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Doctor Who and the War Games (Doctor Who Library (Target) #70)

3.77 of 5 stars 3.77  ·  rating details  ·  178 ratings  ·  13 reviews
David Troughton reads this thrilling novelisation of a classic Doctor Who adventure, first published by Target Books in 1979.

Mud, barbed wire, the smell of death.... The year is 1917 and the TARDIS has materialised on the Western Front during the First World War. Or has it? For very soon, the Doctor finds himself pursued by the soldiers of Ancient Rome; and then he and his
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Paperback, 144 pages
Published May 1st 1983 by Target Books (first published 1979)
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Community Reviews

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Michael
The final story of the second Doctor's era suffers under the Target mandate that Who books could only run 126 pages. So, while there's a lot of running around to fill out 10 episodes in the "War Games" on screen, distilling it down to 12 pages per episodes leaves you with a feeling like this is a Cliff's Notes version of the story.

Travis
An adaption that is able to improve upon the TV show.
The War Games is a great story idea and a very important part of Who history, but it was ten episodes long and six of them consisted of lots of running around not accomplishing much.

The book trims out a lot of the TV show's padding, isn't held back by a special effects budget or actors that just can't do a southern accent and give the story just the right pacing.
Christian Petrie
This review has been hidden because it contains spoilers. To view it, click here.
Sarah Sammis
Doctor Who and the War Games is a novelization of the last ten episode serial of "The War Games"(1969) to be filmed in black and white and the last regular appearance of the second Doctor. The novel takes about 250 minutes worth of story and boils it down to 143 pages. What's left is a quick but thought provoking look at war while providing some glimpses at the truth behind the Doctor.

The Doctor and his two companions, Jaime and Zoe land in what appears to be the middle of a WWI battle field. Th
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Nicholas Whyte
http://nhw.livejournal.com/1031032.html#cutid6[return][return]I seem to be against received fannish wisdom in finding this rather good, if taken on its own merits. The original story is one of the great Who stories; the novelisation, constrained to less than fifteen pages for each of the ten episodes, is not quite of the same quality, but none the less tells a good story well, with decent foreshadowing of the Doctor's fate and sensible meditations on the nature of war. This is the first Hulke no ...more
Daniel Kukwa
It's a novel of two halves. It's successful in that it manages the herculanean task of condensing a 10-part mega-story into a standard Target novel. However, it's also a disappointing failure. The shrink-wrapped size of "The War Games" novelization robs Malcolm Hulke of the chance to expand and enhance the story with the same skill he brought to "The Cave Monesters", "The Doomsday Weapon" and "The Green Death". One of the Target range's greatest MISSED opportunities.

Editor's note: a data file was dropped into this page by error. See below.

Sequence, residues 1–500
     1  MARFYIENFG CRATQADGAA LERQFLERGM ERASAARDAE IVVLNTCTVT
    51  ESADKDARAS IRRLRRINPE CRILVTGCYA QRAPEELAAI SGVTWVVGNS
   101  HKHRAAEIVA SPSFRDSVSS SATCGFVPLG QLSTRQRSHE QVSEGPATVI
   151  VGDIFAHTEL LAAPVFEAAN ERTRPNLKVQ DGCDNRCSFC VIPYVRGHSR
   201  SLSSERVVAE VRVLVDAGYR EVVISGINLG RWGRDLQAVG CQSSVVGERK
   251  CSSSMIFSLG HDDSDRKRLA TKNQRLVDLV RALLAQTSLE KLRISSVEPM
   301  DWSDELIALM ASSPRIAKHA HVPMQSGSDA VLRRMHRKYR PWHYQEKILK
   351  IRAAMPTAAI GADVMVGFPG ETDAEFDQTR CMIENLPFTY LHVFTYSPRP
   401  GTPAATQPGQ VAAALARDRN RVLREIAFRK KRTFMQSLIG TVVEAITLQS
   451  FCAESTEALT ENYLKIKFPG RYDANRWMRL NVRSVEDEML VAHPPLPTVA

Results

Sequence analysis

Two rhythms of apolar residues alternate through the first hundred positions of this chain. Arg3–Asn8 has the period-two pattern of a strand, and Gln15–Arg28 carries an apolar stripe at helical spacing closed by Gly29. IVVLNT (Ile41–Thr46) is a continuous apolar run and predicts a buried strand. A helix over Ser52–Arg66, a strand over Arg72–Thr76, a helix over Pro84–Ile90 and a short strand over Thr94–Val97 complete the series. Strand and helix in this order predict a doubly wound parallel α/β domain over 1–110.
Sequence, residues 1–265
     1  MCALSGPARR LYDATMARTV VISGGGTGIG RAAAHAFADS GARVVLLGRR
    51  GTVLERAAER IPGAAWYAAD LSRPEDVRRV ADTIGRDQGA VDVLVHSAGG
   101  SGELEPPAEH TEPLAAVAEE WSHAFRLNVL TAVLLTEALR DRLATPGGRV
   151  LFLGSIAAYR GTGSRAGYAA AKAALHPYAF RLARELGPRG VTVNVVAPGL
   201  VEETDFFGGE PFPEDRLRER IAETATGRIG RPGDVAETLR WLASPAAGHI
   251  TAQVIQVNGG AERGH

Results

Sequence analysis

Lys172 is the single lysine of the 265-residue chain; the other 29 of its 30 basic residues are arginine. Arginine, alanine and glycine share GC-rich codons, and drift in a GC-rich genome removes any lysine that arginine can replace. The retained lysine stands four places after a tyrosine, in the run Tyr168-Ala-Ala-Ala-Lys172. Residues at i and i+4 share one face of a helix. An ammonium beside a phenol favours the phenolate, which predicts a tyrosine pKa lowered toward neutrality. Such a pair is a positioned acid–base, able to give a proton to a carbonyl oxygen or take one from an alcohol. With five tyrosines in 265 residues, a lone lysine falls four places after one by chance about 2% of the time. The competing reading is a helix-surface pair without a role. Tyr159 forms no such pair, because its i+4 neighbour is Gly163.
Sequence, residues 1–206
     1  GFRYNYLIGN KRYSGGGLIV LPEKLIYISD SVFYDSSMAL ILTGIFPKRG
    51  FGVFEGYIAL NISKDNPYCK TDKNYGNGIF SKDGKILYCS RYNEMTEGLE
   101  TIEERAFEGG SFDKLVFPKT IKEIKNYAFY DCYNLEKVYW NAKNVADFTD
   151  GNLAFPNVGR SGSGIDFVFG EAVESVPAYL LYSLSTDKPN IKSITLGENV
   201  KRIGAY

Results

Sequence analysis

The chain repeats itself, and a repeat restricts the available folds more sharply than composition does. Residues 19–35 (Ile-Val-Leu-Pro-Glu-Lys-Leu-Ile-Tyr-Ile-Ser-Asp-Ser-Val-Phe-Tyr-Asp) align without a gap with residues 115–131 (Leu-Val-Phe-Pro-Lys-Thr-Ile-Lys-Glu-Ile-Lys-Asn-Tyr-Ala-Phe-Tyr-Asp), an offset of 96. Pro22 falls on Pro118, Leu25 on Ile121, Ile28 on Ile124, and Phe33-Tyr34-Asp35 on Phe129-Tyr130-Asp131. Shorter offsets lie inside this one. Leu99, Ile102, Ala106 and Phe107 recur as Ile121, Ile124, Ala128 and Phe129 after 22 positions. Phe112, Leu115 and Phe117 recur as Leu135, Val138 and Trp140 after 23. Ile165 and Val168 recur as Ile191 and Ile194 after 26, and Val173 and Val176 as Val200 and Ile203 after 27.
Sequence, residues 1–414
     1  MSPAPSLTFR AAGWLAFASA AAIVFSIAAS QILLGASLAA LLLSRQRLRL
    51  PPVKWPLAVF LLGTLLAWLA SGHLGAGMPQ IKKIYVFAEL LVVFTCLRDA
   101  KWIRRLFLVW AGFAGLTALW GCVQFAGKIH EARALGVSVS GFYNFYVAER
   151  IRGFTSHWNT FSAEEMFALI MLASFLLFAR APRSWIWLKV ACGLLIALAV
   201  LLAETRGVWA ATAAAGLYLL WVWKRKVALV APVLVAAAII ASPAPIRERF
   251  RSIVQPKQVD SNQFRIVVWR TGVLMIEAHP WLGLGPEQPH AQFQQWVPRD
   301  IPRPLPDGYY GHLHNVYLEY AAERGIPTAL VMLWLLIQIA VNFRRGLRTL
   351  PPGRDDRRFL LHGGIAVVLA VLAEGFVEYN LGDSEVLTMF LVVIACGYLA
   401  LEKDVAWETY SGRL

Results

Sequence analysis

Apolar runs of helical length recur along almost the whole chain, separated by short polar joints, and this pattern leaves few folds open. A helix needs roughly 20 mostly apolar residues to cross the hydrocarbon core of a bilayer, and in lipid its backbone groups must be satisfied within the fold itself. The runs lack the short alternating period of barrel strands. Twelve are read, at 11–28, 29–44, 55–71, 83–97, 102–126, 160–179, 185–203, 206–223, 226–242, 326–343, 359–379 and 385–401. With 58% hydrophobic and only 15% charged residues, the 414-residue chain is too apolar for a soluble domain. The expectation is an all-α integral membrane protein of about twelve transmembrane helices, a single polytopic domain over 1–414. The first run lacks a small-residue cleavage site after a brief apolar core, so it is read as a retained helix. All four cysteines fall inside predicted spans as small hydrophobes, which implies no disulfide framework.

Leela42
Second Doctor, Jamie, Zoe. Brisk, intriguing, a page-turner. (After all, the author had to distill a 240 minute show into 143 pages.) Depending on what other Doctor Who novelisations you've been reading, may be rather grittier than the usual. A few quibbles, such as occasionally using 'Doctor Who' instead of 'the Doctor', and Zoe being from farther in the future than she was in the show. Note, fan writers might find this book a useful exhibition of how the Doctor operates.
stormhawk
The Doctor, Zoe, and Jamie get themselves into the darndest situations! In this final Troughton adventure, they stumble into an alien race's war games, uncovering another plot for universal domination, and, unusually, having to call for help. There is a lot of episodes (10, I think) that had to be crunched down into 144 pages of text. I granted an extra half-star (would have been 3 1/2, otherwise), for it being a final adventure.
Leo H
A rushed adaptation of one of my favourite Dr Who serials, the opportunity was here for Hulke to expand massively on what was a fascinating concept for a Who story, but instead we get very little description and whole heap of dialogue. Although this is apparently Hulke's worst book, so I'm confident that the others of his I have on my 'to read' pile will be better.
Jonathan
Fluffy fluff.

I need to improve my understanding of the Who chronology though. Coming from mainly watching the 2005 remake, I was surprised when time lords (other than The Doctor and The Master) make an appearance.
Scott James
A bittersweet farewell to my favorite Doctor. I remember shouting at my television during his trial at the end, but the healthy serving of cheese that comes with it still makes me wince.
David
Like the actual episodes, a little long.
Katharine

A lot better than I was expecting.
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Malcolm Hulke was a British science fiction writer best known for his tenure as a writer on the popular series Doctor Who. He is credited with writing eight stories for Doctor Who, mostly featuring the Third Doctor as played by Jon Pertwee. With Terrance Dicks, he wrote the final serial of Patrick Troughton's run as the Doctor, the epic ten-part story "The War Games." Hulke may be best known for w ...more
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